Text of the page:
Dedicated Harbeth P3 Thread

There aren’t many threads here dedicated to specific products and I thought the Harbeth P3s might be a good one to share our experiences, likes and dislikes. It is a far from perfect speaker and, IMO, is best suited toward the seasoned compromiser who appreciates what it does and accepts what it can’t do. I have owned a pair of P3 40th Anniversary since May 2020 and I have never heard the other versions. Just by way of background, I have owned the SHL5s and Monitor 30s, so I feel competent to render an opinion on the P3 within the context of the Harbeth brand.

First - contrary to Alan Shaw’s opinion, ie, any amp, any wire, plop them down anywhere, no blu-tak, etc, I have found them to be fussy little bastards that demand good setup and associated equipment. BTW, I am using them as stand mounts on 24:" Target 4-post stands in a smallish living room, approximately 8 feet from my listening position, with my couch against the back wall. The speakers are set on the sides of my rack with the back of the speakers 16" from the front wall. I have never heard them in a desktop setting, so I can’t speak to that.

I was using a pair of Fritz Mini-Monitors prior to the Harbeths. They are a tribute to the Totem Model One, with a Dynaudio-type woofer and a Morel tweeter. They sounded great with Blue Jeans 10 gauge cable and I began to fall into the "cables are bullshit" camp a little bit. Well, I put the Harbeths in the same system and they sounded horrible. Strings were steely, alto saxophones were screaming and bass was very light, which is something I expected, as the Fritz have fantastic bass. In short, I hated the P3 and figured I would hold onto them until the pandemic dies down and sell them. Chalk one up to buying without audition.

But before I carted them up, I thought I might try them with another pair of speaker cables I had around from my Viva amp. They were some plain cables that the Viva designer used for himself and there was quite a difference.They were still harsh and bass light, but better. Hmmm. I was never one to try to "fix" a speaker with cables, but every rule can be broken, so I thought to give it a try. After shopping around, I decided to go with Purist Poseidon speaker cables because of their "warm" reputation. BTW - the speakers were very lightly-used demos, so they were at least somewhat broken in.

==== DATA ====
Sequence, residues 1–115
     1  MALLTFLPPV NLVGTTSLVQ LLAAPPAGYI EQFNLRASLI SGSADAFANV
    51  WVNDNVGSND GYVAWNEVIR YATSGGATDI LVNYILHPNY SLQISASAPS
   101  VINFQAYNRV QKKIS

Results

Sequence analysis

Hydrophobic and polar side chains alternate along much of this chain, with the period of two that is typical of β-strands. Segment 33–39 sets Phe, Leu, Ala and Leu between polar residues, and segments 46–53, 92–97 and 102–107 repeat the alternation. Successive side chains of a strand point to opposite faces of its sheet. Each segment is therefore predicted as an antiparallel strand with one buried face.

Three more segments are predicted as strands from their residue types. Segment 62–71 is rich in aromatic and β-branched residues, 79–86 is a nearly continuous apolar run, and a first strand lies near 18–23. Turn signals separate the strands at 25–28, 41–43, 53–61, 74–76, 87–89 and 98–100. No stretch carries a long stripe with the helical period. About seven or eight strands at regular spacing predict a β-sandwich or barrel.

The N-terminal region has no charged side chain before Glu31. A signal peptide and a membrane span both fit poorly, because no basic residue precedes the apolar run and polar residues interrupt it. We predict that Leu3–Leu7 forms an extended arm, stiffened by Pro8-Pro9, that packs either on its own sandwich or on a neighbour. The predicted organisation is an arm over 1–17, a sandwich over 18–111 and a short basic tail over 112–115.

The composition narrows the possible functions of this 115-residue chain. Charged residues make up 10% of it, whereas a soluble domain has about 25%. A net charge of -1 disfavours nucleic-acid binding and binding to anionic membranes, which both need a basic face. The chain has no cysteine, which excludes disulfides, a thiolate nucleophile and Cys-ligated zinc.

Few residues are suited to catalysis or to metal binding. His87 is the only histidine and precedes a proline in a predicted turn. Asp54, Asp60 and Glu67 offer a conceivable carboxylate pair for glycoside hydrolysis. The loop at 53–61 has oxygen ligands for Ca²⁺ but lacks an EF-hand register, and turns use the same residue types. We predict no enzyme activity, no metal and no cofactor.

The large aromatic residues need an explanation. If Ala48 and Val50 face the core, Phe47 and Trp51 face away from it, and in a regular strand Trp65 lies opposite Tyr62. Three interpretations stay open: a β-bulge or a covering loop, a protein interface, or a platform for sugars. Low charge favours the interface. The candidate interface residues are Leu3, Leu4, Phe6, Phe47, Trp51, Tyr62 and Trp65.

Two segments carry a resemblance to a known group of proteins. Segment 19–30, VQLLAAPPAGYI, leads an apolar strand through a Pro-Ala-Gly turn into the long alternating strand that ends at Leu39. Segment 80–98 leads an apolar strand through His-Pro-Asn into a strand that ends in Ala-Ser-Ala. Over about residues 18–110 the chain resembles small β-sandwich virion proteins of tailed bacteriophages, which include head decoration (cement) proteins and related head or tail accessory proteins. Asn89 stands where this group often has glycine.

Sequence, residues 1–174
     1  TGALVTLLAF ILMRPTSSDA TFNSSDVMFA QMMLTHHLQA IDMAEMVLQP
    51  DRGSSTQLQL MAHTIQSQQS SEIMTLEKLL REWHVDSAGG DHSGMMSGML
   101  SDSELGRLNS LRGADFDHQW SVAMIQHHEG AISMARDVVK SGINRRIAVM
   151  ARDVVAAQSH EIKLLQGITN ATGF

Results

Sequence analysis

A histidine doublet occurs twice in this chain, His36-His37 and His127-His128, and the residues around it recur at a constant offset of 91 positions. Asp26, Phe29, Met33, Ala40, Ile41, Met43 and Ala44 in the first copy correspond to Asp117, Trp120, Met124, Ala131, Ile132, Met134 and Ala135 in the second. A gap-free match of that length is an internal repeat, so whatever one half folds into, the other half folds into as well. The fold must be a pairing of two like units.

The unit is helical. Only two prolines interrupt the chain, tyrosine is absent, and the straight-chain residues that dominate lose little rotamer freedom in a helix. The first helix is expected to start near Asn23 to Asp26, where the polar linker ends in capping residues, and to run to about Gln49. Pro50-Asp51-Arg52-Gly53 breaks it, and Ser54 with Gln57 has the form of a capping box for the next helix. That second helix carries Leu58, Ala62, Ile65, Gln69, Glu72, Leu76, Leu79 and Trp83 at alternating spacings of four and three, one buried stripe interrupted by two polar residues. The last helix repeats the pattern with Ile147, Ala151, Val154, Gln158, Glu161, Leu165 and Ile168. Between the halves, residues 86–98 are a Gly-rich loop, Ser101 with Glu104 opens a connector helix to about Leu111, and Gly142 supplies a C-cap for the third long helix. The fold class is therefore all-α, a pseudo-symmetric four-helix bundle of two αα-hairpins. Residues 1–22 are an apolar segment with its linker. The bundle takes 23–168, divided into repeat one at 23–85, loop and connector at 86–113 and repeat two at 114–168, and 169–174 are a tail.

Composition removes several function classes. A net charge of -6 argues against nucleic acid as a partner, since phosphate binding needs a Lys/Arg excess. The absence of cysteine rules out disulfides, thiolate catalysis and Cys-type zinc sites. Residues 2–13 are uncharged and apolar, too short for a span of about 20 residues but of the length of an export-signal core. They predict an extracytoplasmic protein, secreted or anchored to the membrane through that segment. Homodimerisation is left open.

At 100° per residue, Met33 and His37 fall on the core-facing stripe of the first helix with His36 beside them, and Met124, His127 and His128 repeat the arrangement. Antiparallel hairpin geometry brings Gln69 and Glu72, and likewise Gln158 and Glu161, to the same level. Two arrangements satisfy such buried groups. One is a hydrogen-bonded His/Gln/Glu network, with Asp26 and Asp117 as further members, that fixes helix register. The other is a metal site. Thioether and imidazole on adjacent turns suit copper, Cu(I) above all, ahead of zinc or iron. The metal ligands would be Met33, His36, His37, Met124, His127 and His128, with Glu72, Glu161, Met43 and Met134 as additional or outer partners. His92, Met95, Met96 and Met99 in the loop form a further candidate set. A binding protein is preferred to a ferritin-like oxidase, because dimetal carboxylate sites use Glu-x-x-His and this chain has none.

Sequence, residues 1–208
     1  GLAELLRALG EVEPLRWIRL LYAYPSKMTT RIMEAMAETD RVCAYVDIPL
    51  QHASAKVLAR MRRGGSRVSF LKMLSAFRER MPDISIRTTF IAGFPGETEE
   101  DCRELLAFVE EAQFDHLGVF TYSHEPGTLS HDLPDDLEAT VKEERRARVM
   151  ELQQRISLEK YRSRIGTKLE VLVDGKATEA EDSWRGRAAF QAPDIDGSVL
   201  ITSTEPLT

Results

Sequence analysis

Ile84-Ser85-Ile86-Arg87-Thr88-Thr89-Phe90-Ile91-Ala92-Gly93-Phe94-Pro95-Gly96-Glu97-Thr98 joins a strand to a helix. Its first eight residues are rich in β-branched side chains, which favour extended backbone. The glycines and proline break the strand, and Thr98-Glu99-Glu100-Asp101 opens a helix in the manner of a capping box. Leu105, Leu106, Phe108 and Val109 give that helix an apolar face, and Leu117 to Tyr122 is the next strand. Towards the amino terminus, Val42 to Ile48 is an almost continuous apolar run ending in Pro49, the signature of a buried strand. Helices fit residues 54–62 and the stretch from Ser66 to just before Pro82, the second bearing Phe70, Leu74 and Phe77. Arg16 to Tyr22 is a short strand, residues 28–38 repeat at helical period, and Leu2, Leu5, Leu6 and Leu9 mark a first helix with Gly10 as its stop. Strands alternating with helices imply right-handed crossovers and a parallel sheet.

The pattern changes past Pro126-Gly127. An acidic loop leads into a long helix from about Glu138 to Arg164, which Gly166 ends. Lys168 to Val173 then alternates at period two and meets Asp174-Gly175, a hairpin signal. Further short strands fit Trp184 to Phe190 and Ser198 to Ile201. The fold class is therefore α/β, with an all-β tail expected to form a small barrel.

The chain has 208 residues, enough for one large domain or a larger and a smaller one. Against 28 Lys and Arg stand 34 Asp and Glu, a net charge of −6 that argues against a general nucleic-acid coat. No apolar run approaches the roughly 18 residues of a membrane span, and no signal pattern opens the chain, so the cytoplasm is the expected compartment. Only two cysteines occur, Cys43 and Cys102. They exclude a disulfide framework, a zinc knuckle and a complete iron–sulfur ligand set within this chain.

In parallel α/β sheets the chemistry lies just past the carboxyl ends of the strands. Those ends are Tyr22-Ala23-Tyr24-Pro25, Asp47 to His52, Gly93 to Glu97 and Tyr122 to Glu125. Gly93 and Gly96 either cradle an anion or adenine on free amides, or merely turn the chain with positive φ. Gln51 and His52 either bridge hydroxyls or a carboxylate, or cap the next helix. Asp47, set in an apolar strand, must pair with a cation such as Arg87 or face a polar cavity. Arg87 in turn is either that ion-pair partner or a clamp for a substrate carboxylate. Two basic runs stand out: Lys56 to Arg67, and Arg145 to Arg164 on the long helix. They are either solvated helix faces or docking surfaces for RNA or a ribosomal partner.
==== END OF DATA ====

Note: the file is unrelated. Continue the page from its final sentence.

I hooked them up and put on the Stereophile Test CD just to make sure I had the wiring correct. It tests left and right with a Fender bass guitar and from the moment it started, I was in absolute shock. I hate to spout cliches, but the whole speaker sounded twice the size. Bigger, fuller, deeper bass, but with a clear midrange and high end which sounded like a window to the source. Absolutely natural and not dark or veiled in any way. It was a total transformation. Say what you want, that’s what I heard. Combined with the Poseidons, the P3 developed into a speaker that did certain things amazingly well within it’s limitations. Of course, it took a month for the cables to break in, but the big, clear, natural sound only improved.

What I like about the speaker reminds me of what I like about single-driver speakers. It’s not what you get, it’s what you don’t get. With single drivers you don’t get phase anomalies and crossover distortion and once your ear gets attuned to this, it’s very hard to accept it in other speakers. The P3’s have amazing coherence and naturalness, especially with the voice. Like many single-driver speakers, it does favor simpler music, string quartets, solo piano and guitar, guitar/bass, piano/bass. But it sounds great on James Taylor, Shelby Lynne and other pop records with simpler instrumentation. For me, living in an apartment, I have always favored smaller-scale music anyway and most of my music collection consists of stuff I can play at night without disturbing the neighbors.